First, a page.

RV Turned Tiny House

A few months ago, my husband and I sat down to write out a budget. He recently returned to school and with two young kids at home, funds were tight, to say the least. We quickly realized that our housing expenses were too high, even though our rent was surprisingly low for the area. We began to brainstorm ways to cut down costs and fell upon the tiny home idea. Being on a tight budget or both time and money, building a tiny home from scratch was out of the question and buying one already built was out of our price range. We toyed with the idea of doing a bus conversion, but again, wanted to move in as soon as possible. I began to browse Craigslist for 5th wheels or RVs that would fit our needs. As soon as I saw the ad for what is now our home, I knew it was perfect.
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It was listed for $8,500, at the top of our budget. We decided to go take a look at it. The attendants at the lot (it was at an RV dealership on consignment) really tried to discourage us from buying the coach, and we could see why. Dirt, grime, mold and garbage littered the RV, an active leak dripped onto the musty old couch and they had no idea if any of the appliances or systems functioned. We loved it. After a quick discussion, we offered them half of their asking price and they accepted.
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Downsizing was our next task, we sold all of our furniture and 80% of our belongings, most of the kids’ toys (with their approval) and tons of bags of clothing, shoes and household items.
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We spent the next two months gutting and remodeling the bus. Some of it could be salvaged: the countertops, sinks, shower, cabinets, cupboards and washer/dryer combo were usable. We tore out the ceiling, the floors, scraped the walls and repainted everything. We replaced the fridge, took out the microwave and used the space for countertop oven, took out all of the RV furniture and replaced it with actual fixtures.
5To make space for our two kids, we took out the queen bed that was in the rear bedroom, tore out the closet doors, filled in the door between the bedroom and bathroom and built a custom bunk in the closet. Because the engine is located under the bed platform, we couldn’t remove it. Instead, we built up the rest of the room to be level with the platform.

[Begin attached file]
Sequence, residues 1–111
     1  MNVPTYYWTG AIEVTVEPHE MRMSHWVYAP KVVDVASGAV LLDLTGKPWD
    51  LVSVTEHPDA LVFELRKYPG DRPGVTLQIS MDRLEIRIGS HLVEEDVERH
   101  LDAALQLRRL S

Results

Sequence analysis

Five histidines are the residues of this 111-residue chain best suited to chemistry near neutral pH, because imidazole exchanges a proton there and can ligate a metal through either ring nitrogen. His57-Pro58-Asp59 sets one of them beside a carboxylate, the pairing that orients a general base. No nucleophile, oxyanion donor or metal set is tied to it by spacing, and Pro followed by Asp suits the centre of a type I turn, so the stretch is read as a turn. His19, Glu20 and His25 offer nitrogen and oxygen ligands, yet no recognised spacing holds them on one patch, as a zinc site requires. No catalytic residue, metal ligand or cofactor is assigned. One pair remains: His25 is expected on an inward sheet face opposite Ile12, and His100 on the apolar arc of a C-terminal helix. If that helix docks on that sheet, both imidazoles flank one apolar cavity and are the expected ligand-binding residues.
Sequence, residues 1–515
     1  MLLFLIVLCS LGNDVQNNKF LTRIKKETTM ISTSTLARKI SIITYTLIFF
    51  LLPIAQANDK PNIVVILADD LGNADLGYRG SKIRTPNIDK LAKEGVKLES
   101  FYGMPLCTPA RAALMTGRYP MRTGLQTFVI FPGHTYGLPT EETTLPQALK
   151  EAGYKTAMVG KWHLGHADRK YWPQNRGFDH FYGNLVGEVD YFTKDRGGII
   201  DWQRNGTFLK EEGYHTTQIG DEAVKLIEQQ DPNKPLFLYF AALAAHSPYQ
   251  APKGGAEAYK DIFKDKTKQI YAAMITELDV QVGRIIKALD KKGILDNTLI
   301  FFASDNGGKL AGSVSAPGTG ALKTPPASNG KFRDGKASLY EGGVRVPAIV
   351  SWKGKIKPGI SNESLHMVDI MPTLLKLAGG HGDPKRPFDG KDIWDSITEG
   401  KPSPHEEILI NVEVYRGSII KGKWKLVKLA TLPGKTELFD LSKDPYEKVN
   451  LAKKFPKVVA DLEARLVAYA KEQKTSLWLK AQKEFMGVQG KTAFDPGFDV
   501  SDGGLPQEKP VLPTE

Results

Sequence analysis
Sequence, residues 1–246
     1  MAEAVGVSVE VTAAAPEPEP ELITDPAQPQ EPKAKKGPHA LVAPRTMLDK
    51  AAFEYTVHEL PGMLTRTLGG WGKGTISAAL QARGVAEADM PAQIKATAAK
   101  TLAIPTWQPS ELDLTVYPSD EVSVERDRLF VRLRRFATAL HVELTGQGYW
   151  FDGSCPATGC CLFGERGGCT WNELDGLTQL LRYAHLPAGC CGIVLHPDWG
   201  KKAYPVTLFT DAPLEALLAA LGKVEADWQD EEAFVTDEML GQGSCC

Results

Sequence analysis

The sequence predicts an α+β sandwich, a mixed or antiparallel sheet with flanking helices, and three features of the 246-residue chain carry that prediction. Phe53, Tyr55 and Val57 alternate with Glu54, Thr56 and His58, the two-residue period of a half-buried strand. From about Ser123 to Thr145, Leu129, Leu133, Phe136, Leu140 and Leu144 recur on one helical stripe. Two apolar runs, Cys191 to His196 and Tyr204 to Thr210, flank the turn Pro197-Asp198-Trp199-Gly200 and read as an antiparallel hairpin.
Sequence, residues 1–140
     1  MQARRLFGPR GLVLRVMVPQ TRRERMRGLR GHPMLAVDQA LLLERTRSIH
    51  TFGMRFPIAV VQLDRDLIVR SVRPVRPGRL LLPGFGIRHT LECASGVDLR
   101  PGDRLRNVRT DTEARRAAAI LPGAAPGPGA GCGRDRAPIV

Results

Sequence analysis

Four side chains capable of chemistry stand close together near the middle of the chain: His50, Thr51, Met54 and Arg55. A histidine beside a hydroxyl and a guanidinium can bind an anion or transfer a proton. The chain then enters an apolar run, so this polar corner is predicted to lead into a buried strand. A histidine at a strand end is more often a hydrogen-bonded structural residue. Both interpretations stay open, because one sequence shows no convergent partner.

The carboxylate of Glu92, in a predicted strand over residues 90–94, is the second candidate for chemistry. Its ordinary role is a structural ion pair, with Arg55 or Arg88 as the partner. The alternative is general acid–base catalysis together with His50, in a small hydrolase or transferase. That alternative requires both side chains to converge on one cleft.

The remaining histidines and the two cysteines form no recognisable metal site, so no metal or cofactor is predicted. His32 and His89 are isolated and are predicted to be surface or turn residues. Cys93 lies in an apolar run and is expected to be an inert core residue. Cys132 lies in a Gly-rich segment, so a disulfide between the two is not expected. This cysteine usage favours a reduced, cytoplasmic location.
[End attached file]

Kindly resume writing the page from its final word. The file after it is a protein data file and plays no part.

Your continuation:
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We took out the passenger and driver’s seats (the driver’s seat can be reinstalled for travel) and built a queen sized bunk over the cab. My husband and I sleep up there and it’s very solid and comfortable, wasted space otherwise! The space underneath is used as a closet and for extra storage. The bunk has to be removed for travel, but it only takes us 15-20 minutes and is very simple.
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We live in our RV (about 300 sq feet) full time, on a beautiful piece of property that we rent from friends of ours. Because we installed a composting toilet, we only need electric and water hook ups. Our gray water irrigates a little orchard on our space.
Living tiny has been wonderful so far. Our kids love it and we all feel closer and happier. We spend less time cleaning and stressing about housework and more time together, we’re able to spend lots of time outdoors and enjoy having a bit more disposable income to use for fun activities!
Follow our story here: http://tinyhomedream.net/
Instagram: @sarmiephoto
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Valerie C - July 18, 2016 Reply

Love it !!! Happy life and freedom , yay !

    Eddy Deep - August 30, 2016 Reply

    From cooktops to full stoves, these Tiny House RVs have a range of options to suit your most adventurous cooking ambitions. A split system with a 30A plug and propane tanks on the hitch. The propane is then used for the heater, stove and water heater.

Lisa E. - July 18, 2016 Reply

You did a stellar job with this conversion and I applaud your vision, ingenuity, and industry. It all has paid off big for you. Two thumbs up and 100 gold stars. Looks FABULOUS!!!

Nancy@LittleHomesteadinBoise - July 19, 2016 Reply

What an awesome job you did! So many people are afraid of a lot of elbow grease, but that’s sweat equity! Great job!!!

Dave - July 21, 2016 Reply

I read your entire blog. What a transformation you have made to the RV! Touching connection to the past as well. While you know that this living arrangement will not be permanent, you are willing to stand by your values and buck the system. You have made great strides to offer your children a healthy lifestyle that most others just dream about. Apparently “you get it”!

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